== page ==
DSCN1855If you are making a set of markers, you might want to go ahead and get all of the wire sections prepared before moving on to the next step. I think it helps me keep them all a bit more uniform in regards to the tightness of the loop.

Next you’ll add your beads. I put one seed bead, one star bead, and one seed bead. Obviously this is up to you, and time to use your design sense! You can use any kind of bead that’ll fit on your wires!

 

*Remember that we’re always putting BOTH wire ends through – just think of them as a single strand.*

 

Next add another crimp bead, and crimp.

Make sure the crimp bead is secure and isn’t moving at all. Then you can trim the wires so that they end just after the crimp bead. If they seem sharp to you, use a file on the ends to round them off.

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Viola! Your stitch marker is now complete! Continue on to make a matching set of 5 or 6, or make a bunch of mix-and -match ones! As you can see below, I made a large set of rainbow stars!

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Round Alice Bag

Published August 21, 2014 by kurolace

Hi there! Well, it’s been a while again… Lately life hasn’t been too much fun. Just a lot of stuff isn’t the way I’d like it to be and I often have trouble imagining that I’ll ever be free to live my own life….   Well, to escape from all that drama, I usually make stuff. Lately I discovered a Chinese book on handbags which all have fairy tale themes. I don’t read Chinese, but I was able to combine the images with my own sewing know-how to make a very cute Alice in Wonderland themed bag. My mom wanted to know how much I’d sell it for, but this first one I’ll probably keep (its not as professionally finished as I’d like it to be). If I do make another to sell, I think it would be in the $50 range. Does that seem too expensive? Keep in mind, all the applique has to be done by hand!

There wasn’t a pattern for the actual bag, so I had to make it up myself, and I’ve never sewn in-the-round like this before. I had to do the bag twice actually, because the first time I somehow messed up my circumference measurements.

The bag is 10.5″ in diameter, made from faux suede with interfacing (to stiffen it) and a cotton lining. The strap is long enough to be worn cross the body (my preferred arrangement), or can be adjusted to be shorter. The applique are done with a lovely 60% wool, 40% rayon felt (a Japanese brand). There’s gold colored beads, key-chain rings, and gold embroidery thread for the charm-bracelet design.

alicebag1DSCN1872DSCN1868

There are a few things I’ll fix for next time. I meant for the tabs which attach the D-rings to the bag to be in the seam, not sewn on the outside of the bag, but I forgot to do it, and then having done the bag twice, I got lazy and just put them on the outside. The strap could stand to be about 3 inches longer, really. And on the applique I think that I’ll do the embroidered chain (on the watch) for the top chain part of the charms bracelet (the little row of beads leading towards the upper corner of the bag).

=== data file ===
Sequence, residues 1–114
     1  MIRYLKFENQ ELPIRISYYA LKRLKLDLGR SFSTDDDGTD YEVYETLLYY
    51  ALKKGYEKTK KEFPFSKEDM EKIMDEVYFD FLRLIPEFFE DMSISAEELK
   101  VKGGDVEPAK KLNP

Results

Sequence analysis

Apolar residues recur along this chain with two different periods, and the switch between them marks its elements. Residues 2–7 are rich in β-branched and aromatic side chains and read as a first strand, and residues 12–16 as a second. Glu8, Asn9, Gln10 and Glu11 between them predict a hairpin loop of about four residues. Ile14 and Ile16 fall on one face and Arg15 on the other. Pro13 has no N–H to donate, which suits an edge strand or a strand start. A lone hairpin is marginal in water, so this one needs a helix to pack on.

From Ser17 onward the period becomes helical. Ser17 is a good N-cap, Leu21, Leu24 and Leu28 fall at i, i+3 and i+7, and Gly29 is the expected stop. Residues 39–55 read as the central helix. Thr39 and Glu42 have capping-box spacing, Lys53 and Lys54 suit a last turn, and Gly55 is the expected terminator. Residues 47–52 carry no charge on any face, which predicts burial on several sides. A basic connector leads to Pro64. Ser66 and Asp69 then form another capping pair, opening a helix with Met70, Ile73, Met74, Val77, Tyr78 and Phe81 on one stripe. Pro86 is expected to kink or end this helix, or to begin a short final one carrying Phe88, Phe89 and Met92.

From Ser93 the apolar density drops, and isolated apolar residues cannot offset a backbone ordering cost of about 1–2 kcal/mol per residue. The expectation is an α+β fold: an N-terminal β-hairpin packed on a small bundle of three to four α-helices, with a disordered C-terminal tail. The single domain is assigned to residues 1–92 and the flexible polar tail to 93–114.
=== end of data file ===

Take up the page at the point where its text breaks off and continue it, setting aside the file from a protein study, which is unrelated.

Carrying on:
I wanted to add a fur ball pom pom key-chain (they show it with one in the design book), but I’ve been frustrated by the fact that I can only find real-fur ones, not faux ones. Idk… I’m not strictly against fur, but since I used faux-suede, I think adding a real-fur accessory would be rather odd.

What do you think?

YouTube DIYer: Mark Montano – Galaxy Chair!

Published May 21, 2014 by kurolace

I found a new channel to subscribe to on YouTube. Mark Montano has a slew of cute DIY videos, but my favorite by far is this one on upcycling a vintage chair with homemade galaxy fabric. I wish I had an apartment of my own to do this! (No room here at my parent’s house).  The bit about making the fabric would have made a pretty good how-to video on its own!

Additionally he has videos on making safety-pin feather designs, an Alice-in-Wonderland-esque chair and dish set, and really cute mini-hat bobby pins. He has a series called “Guy DIY” too, for the fellas out there.

Wroclaw Jewish Cemetery

Published May 9, 2014 by kurolace

In December I visited Wroclaw for Christmas. I decided to pay a visit to the Jewish Cemetery, because it is old, grand, and in ruins. After the events of the Holocaust there was no-one to take care of the Cemetery, and it fell into ruin. Today it is a museum and you can pay a small fee to go in and walk around, take pictures, etc. It receives only minimum maintenance – as the derelict state of the cemetery is considered to be part of the memorial to the Jews of Wroclaw. I went two days after Christmas… it was cloudy, cold, and nearly empty – I only had to share the large cemetery with a British couple (they still managed to get in the way of some of my photos, however).  Many of the fancy tombs are falling apart, and some areas are so overgrown that you can’t even see the stones, just lumps under the ivy.

Wrocław Dwarves / Gnomes

Published January 11, 2014 by kurolace

wroclaw_094

 

I’ve seen them described as dwarves, and as gnomes…one thing is sure: Wrocław, Poland, has a lot of them! Oh, and the city’s name is pronounced “Rots-wahv”. Previous known as Breslau, when it was part of pre-ww2 Germany. I spent 5 days at Christmas there, and since most everything was closed for 3 of those days, I did a lot of Gnome hunting. These are a few of the pictures I took during my trip. (Wroclaw has at least 100 gnomes, some reports even say 250)

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wroclaw_044

 

 

 

 

All Saints’ Day

Published November 4, 2013 by kurolace

poland_278

All Saints Day (Nov. 1) varies from country to country. Here businesses close and everyone goes to the cemetery and spends much of the day visiting graves, tidying the grave, and placing flowers and candles for the departed.  All the Catholic cemeteries, which are much much bigger, are a bus ride away, so I found a smaller, “Evangelical” (historically Lutheran) one only a few walking minutes from our home, and made my flatmates take me there on their way to a bar that night. At first we couldn’t figure out where the entrance was, then we finally got inside and walked around a bit. All of the graves were lite, except the very old historical section. It was very lovely and of course a bit creepy. 🙂

Recent graves are most abundantly decorated.

Recent graves are most abundantly decorated.